After George Floyd was killed in Minneapolis custody in May 2020, Brown said some of his white colleagues defended then-policeman Derek Chauvin, who knelt on Floyd’s neck for nearly 9 and a half minutes.

“There were officers who stood up for what he had done,” she said. “At work. Imagine being at work with officers defending what this man had done.”

Chauvin was convicted in April of state charges of unintentional second degree murder, third degree murder and second degree manslaughter in Floyd’s death in 2020. He was sentenced to 22 and a half years in prison.

Mitchell, who joined the department in 1985, said in the lawsuit that after complaining about a white officer who took out his penis and urinated in a bottle while riding a department vehicle, she had suffered retaliation for making “a big deal” out of this. The officer she pointed out was promoted to lieutenant soon after, according to the lawsuit.

“The MPD has maintained a model, practice and custom not only of excusing the misconduct of white officers with regard to their conduct within the MPD, but also with regard to their interactions with the community,” alleges the trial. He also says white male officers are the subject of more excessive force complaints than any other group.

Clark, who has worked at the ministry since 1989, said on or around July 11, 2012, a white officer told him he wanted to kill then-first lady Michelle Obama and showed him a photo of ‘a gun he said was. will use to do it, says the trial. Clark said she reported the threat to the Internal Affairs Department because she felt it was her sworn duty to do so.

She alleges in the lawsuit that her white colleagues subsequently treated her differently, that she was isolated and rejected by her peers, and that she was systematically given dangerous and undesirable assignments. She also alleges that a coworker used obscenity in telling her this month to mind her own business, according to the lawsuit. Clark said she complained to the Equality Employment Office, which she said did not take her complaints seriously, investigate or intervene in any way. either and allowed her to continue to be subjected to a hostile work environment. Clark retired in May 2014.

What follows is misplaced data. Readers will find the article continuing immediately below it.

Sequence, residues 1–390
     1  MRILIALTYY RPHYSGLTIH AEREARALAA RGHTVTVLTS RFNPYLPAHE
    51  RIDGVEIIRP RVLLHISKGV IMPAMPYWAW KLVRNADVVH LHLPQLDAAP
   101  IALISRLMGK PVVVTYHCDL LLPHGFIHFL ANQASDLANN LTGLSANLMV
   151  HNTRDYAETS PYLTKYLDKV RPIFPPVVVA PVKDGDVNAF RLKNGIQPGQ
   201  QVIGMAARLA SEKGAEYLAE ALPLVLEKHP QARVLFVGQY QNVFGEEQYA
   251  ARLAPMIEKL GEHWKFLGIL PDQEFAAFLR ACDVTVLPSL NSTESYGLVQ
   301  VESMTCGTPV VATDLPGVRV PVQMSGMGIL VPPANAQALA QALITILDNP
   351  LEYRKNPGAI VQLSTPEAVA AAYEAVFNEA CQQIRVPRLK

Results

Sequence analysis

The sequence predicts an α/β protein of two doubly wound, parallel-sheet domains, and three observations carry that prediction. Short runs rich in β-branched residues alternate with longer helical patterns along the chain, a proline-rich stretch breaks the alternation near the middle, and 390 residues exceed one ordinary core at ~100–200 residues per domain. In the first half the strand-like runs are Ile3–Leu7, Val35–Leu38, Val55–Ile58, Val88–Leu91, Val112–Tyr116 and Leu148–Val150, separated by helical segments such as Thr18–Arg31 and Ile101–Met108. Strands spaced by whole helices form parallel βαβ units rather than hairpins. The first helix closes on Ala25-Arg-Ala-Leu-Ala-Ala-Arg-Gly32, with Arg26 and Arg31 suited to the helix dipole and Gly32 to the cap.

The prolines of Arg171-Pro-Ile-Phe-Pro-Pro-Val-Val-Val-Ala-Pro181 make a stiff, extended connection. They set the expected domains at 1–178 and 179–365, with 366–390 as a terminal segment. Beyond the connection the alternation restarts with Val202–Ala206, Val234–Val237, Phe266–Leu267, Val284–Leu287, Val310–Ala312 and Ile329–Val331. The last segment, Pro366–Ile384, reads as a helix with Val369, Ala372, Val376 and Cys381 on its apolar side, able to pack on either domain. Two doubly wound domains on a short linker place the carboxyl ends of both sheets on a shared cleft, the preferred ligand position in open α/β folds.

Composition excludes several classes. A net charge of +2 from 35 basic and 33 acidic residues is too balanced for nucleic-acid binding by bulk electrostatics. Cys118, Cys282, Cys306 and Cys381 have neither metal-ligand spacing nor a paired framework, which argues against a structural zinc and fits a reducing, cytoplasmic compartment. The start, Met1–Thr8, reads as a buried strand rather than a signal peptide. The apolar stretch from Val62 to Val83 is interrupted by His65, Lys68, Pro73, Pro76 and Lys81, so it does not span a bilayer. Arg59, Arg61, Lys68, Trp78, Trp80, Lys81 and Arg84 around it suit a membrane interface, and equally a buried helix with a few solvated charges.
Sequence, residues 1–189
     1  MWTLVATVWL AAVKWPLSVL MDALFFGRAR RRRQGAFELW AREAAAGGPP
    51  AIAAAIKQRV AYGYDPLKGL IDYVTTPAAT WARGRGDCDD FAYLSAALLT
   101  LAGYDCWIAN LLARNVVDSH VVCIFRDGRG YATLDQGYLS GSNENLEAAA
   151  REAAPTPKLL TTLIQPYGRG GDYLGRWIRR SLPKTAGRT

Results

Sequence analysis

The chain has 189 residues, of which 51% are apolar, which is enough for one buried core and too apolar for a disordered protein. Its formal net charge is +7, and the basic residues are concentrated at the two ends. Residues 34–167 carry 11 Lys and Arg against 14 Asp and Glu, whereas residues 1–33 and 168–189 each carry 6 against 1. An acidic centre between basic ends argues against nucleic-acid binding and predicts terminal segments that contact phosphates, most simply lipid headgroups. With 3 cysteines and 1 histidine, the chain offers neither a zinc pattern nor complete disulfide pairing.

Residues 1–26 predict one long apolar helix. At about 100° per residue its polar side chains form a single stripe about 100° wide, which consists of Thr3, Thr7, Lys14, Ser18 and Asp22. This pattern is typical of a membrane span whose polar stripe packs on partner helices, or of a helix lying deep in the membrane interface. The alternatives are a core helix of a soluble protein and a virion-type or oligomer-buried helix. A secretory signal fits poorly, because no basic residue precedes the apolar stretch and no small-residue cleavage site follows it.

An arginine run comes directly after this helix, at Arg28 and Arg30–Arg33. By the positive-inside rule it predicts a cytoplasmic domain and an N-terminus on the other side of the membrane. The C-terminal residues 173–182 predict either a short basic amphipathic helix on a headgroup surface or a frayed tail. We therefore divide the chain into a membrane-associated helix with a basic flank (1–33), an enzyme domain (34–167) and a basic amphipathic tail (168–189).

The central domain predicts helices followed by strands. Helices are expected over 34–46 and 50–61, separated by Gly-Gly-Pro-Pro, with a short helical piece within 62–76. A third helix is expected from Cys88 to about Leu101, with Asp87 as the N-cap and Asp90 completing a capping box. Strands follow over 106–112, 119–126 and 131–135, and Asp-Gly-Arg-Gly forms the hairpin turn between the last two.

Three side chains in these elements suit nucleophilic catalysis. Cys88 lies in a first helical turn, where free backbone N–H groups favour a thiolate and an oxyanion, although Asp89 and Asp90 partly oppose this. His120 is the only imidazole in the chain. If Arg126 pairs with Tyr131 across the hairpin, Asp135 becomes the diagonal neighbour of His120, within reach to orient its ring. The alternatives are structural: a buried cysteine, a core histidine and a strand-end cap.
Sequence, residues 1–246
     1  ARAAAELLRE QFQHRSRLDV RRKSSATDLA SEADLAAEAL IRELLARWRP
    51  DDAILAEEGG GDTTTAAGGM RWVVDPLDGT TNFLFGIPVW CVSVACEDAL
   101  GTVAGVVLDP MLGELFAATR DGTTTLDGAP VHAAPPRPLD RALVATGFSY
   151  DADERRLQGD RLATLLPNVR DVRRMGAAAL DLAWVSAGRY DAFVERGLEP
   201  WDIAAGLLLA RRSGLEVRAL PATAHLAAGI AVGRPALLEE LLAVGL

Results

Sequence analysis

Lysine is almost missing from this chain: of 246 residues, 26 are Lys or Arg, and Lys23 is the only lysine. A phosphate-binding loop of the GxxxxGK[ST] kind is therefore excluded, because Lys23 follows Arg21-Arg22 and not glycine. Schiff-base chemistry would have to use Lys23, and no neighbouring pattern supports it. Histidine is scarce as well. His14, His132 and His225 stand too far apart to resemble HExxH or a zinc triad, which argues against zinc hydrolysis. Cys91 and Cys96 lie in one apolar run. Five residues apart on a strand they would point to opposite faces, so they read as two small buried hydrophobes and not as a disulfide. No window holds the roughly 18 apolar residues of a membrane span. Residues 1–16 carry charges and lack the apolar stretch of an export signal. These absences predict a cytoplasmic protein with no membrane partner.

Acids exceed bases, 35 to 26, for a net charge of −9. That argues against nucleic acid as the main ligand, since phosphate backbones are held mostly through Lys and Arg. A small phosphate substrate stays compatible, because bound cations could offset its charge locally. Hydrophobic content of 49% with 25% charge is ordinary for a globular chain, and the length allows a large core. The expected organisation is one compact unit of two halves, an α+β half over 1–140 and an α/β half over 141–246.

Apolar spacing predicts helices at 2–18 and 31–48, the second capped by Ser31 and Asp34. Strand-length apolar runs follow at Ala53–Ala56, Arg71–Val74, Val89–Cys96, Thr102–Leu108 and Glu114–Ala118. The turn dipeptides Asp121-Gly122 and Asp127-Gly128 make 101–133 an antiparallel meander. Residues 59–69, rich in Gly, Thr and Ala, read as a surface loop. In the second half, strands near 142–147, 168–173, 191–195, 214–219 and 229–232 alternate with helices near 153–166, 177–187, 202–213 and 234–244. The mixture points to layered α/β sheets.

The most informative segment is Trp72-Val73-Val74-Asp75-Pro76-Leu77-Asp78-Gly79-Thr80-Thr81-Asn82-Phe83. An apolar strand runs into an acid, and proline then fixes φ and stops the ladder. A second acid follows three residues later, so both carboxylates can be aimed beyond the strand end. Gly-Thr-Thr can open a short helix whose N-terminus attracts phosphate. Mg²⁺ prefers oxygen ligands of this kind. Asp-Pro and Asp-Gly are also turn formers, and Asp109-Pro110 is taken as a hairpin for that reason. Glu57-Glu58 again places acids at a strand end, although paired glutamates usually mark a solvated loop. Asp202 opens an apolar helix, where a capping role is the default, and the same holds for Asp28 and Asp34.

“I know a few of the women have done their best to make their voices heard,” Brown said. “The ministry has tried to discredit them. If you are not on their side, they will try to discredit you, they will try to break you down, they will try to get you to resign.”

The 10 officers seek compensatory damages and ask the court to appoint someone to overhaul the Metropolitan Police Department and make sure it undergoes structural changes.

“I was good enough to be the first African-American woman to win Officer of the Year out of 3,000 police officers, but by the time I took a stand to say everything I had seen, to bringing it to their attention, I was discredited, “Brown said.